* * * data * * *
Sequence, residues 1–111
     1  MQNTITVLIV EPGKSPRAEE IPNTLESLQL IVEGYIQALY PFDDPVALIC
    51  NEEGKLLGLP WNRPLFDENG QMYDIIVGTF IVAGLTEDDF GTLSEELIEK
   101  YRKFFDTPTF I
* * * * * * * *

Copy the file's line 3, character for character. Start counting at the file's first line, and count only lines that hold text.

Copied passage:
    51  NEEGKLLGLP WNRPLFDENG QMYDIIVGTF IVAGLTEDDF GTLSEELIEK